Reframing anxiety for student-athletes can be a game-changer for parents and coaches alike. Keep reading to learn how.
At the start of a new season and school year, it’s not uncommon for my clients to experience many emotions.
They’re excited to start a new year; nervous about meeting new people; happy to get back on the field and in the classroom; sad the summer is coming to a close; and anxious about what lies ahead.
All of these feelings are valid, but anxiety** is often what brings parents into my inbox.
It makes sense! These young athletes fear the uncertainty that a new school year– and a new team–often brings.
They wonder if they’ll get enough playing time, how they’ll perform in front of recruiters, and what will happen if they’re injured.
Off the field, they worry about the college admissions process (“What if I don’t get into my top choices?”) or speaking in front of their class during presentations (What if I freeze in front of everyone??”).
Fear pops up because these athletes forecast the negative.
Many parents come to me and ask, “What can I do to help my daughter get over her anxiety?” They worry their child won’t be successful if they can’t combat it.
But what if I told you that anxiety isn’t the problem and that combatting it isn’t the solution?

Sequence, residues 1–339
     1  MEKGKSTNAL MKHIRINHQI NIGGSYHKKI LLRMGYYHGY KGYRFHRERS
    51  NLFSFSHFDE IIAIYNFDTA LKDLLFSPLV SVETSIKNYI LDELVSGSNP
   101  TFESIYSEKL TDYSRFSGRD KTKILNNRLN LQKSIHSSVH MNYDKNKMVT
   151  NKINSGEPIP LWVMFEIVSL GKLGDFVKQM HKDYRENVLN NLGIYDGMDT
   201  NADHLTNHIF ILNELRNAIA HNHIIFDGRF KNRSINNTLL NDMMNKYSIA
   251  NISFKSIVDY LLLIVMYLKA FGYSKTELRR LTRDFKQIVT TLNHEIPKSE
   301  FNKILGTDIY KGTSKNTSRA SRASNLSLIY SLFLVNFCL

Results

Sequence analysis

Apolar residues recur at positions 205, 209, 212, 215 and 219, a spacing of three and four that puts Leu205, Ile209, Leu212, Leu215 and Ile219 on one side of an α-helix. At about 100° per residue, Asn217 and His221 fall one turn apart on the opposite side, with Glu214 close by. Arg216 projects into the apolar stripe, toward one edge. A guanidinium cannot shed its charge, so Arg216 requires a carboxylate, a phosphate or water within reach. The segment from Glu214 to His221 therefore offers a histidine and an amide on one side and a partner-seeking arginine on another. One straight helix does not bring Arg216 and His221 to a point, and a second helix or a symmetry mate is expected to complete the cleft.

Keep reading to learn what the real problem is.
In this post, I also explain how I teach my clients and Players Portal members how to reframe their anxiety, use that framework to face their fears, and go beyond their limiting beliefs to achieve their goals.
It might be hard to believe, but as an adolescent, I was terrified to speak or perform in front of a crowd.
In the 6th grade, I was given a solo in the Christmas school assembly, and I was worried I’d forget the lyrics to the song.
I practiced and practiced, but I wouldn’t let anyone–not even my parents–watch.
“Don’t forget the words” became my mantra.
On the assembly day, the chorus teacher arranged for us to perform a dress rehearsal for younger students, and I crushed it!
But that evening, as the gym filled up with families, teachers, and friends, I could feel my anxiety taking over. My heart was beating fast, and my palms were damp with sweat.
The performance kicked off, and as I got to the second verse, I completely blanked. I was embarrassed, angry, and determined never to perform again.
Throughout grade school, I was terrified to speak in front of my classes. Instead of getting to the root of my anxiety (fear of forgetting the words), I ignored it. I refused any assignment that required me to speak in front of my peers.
But when I got to college, public speaking became unavoidable. Instead of ignoring and avoiding my fear, I had to face it head-on.
I learned that the root of my anxiety was a fear of forgetting the material; I saw where the fear lived and learned how to talk back to it.
My anxiety wasn’t the problem. My insistence on avoiding it was.
Did this realization cure me of my anxiety? No! But when I faced it head-on (over and over again), those feelings became easier to manage.
Instead of having a “NO FEAR” attitude, I had to know my fear and understand its core. The fear didn’t disappear; I just learned how to manage it.
And as a parent, it’s your job to help your daughter define her anxious feelings because that’s where they will find the root of the fear.